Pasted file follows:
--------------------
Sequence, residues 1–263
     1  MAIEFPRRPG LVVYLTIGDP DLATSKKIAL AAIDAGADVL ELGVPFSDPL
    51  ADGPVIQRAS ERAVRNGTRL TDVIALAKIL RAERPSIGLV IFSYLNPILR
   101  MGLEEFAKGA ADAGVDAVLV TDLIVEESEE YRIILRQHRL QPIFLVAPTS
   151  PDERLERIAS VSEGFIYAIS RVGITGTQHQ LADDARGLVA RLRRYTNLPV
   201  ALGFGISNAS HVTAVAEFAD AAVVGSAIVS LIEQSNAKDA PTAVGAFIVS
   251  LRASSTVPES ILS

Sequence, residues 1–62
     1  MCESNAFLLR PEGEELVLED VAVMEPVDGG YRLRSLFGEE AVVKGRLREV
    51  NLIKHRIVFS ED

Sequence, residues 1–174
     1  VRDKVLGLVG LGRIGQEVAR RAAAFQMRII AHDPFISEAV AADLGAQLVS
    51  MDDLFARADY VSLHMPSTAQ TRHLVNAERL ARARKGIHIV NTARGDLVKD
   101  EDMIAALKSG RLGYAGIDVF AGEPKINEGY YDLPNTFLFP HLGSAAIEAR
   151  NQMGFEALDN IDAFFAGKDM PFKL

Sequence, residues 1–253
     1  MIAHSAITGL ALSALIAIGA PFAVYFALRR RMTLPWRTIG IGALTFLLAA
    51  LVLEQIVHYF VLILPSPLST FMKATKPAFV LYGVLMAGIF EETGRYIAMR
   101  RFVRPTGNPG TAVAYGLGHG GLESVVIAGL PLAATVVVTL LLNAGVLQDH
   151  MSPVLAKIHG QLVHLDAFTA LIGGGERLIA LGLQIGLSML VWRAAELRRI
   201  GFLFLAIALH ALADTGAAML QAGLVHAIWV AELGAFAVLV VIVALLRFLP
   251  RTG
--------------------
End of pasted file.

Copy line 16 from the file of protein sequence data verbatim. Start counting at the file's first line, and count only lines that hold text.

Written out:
Sequence, residues 1–253